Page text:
Three years ago this week, Hurricane Sandy began forming in the Caribbean Sea. It went on to wallop several Caribbean islands and the Eastern Seaboard. In the US the storm caused an estimated $75 billion in damage. The electricity system was hit especially hard. Over 8 million homes lost power.
Policymakers on the East Coast don’t want to experience Sandy-style outages again. That’s led them to microgrids, in turn popularizing the concept around the country.
So, what exactly is the benefit of a microgrid?
To answer that, first we have to recognize that the electric distribution system is fragile. Harmless seeming trees, squirrels and Mylar balloons routinely cause widespread outages. Most grid incidents don’t just affect downstream customers, but also cause a ripple effect, knocking out upstream and adjacent circuits.
Other networks we deal with daily are more robust. If a tree falls on a road, traffic re-routes to adjacent roads. Global internet traffic is constantly rerouting around congestion and outages to get to its destination. Even a local internet problem can be mitigated by jumping on a cellular network or your neighbor’s wi-fi.
A microgrid, then, is intended to bring more resiliency to the electric grid. It ties together local distribution equipment and generators, and keeps them up and serving demand, even if the surrounding grid is down.
For example, San Diego Gas & Electric is developing a microgrid in Borrego Springs, California. The remote community is served by only one transmission line that runs through a fire-prone area. The microgrid, which combines energy storage and solar photovoltaics, is intended to keep the area energized when the transmission line goes down.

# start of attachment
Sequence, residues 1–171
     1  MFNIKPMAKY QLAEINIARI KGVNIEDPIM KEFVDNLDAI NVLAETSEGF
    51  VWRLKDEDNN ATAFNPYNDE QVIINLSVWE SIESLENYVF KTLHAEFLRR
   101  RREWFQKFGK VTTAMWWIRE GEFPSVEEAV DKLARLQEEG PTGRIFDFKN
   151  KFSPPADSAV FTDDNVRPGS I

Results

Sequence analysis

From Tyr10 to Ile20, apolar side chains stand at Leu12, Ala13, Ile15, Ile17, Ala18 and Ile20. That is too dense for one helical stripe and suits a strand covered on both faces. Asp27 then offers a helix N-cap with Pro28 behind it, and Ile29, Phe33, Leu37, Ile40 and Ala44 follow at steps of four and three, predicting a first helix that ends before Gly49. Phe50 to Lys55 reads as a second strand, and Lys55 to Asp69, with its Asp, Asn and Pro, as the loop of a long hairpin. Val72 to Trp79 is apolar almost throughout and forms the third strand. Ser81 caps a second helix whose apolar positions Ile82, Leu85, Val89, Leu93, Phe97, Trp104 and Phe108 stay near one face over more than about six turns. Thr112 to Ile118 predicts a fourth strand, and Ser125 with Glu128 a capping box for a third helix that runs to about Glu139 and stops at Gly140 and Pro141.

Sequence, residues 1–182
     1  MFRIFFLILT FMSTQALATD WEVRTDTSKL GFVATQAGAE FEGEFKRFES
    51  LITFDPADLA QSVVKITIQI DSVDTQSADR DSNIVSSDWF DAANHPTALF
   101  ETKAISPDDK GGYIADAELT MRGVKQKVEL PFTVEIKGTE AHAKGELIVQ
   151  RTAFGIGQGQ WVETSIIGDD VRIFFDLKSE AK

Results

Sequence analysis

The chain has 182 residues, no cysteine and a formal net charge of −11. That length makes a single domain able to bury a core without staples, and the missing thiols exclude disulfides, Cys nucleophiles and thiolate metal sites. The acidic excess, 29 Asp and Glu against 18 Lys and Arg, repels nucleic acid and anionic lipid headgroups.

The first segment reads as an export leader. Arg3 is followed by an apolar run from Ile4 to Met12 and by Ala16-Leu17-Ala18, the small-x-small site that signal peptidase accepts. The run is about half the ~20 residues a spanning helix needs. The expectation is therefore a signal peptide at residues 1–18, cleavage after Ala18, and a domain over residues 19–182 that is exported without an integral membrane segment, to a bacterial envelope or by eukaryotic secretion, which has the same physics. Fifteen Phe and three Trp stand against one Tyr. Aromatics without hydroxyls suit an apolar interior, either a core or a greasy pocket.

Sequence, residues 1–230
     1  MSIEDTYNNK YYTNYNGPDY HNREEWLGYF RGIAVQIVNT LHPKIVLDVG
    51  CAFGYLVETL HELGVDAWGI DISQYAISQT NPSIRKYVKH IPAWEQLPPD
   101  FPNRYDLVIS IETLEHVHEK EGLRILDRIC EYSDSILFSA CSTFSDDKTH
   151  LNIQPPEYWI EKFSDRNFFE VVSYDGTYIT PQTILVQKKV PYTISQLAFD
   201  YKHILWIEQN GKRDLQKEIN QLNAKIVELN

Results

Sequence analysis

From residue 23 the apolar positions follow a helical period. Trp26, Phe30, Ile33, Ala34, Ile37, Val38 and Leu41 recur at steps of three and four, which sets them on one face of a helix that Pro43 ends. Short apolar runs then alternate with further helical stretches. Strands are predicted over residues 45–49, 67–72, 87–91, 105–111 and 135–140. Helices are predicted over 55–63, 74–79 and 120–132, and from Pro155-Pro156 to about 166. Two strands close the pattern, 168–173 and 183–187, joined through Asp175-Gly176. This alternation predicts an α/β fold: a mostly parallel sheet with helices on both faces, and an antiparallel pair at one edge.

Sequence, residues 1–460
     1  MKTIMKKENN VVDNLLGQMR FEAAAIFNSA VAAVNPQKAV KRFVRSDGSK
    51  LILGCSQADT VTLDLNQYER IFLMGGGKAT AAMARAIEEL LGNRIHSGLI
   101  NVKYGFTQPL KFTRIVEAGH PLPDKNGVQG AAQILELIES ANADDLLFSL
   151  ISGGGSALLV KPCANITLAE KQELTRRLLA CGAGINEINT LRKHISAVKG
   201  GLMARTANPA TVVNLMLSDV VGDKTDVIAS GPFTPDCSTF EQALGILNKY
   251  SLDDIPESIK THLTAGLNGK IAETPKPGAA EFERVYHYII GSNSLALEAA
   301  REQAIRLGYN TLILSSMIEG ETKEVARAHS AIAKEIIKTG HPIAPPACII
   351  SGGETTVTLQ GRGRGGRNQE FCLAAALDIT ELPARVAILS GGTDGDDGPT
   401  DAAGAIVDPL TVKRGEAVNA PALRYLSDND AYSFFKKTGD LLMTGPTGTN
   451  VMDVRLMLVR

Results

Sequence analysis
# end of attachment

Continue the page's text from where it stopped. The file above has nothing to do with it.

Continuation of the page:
New Jersey’s public transit operator, NJ TRANSIT, is also investigating the feasibility of a microgrid to keep its rail system operating even when power outages hit certain parts of the grid.
The University of California, San Diego’s campus has developed a slightly different flavor of microgrid, one that goes beyond resiliency to market response. Consumption and generation on the campus can be optimized jointly in response to electricity prices. For example, the aggregate consumption can be reduced in response to high wholesale energy prices, or peaks can be shaved to avoid demand charges.
Additional companies and policymakers are considering whether investments into microgrids make sense. How should they assess the opportunity?
Reviewing the costs and benefits is a good place to start.
Costs include deploying distributed energy resources, installing advanced grid equipment such as automatic switches, and installing a microgrid controller to keep all the parts working harmoniously.
Distributed energy resources such as rooftop solar and energy storage face challenging economics, especially as regulators continue to reform retail pricing . Of course, that could change over time.
Meanwhile advanced grid equipment, like switches that automatically reconfigure the grid to avoid outages, are becoming more common and accepted by the industry.
Still, fundamental technological breakthroughs are also needed. The microgrid controller is a substantial challenge as explained in this Sandia National Lab report. The microgrid needs to recreate the functions of the bulk power grid in a highly local area. For example, microgrid supply and demand need to be kept in balance in real time. That’s tough on the bulk grid, but even more challenging on a small scale where there’s no room for error. Any entity pursuing a microgrid today will be taking on a research and development effort on these controllers.
On the benefits side, microgrids potentially offer improved reliability, lower costs and greater integration of distributed renewable energy.
I expect reliability is the most important benefit. Focusing on ways to improve electrical reliability in the US makes sense, especially given our poor reliability relative to other industrialized nations.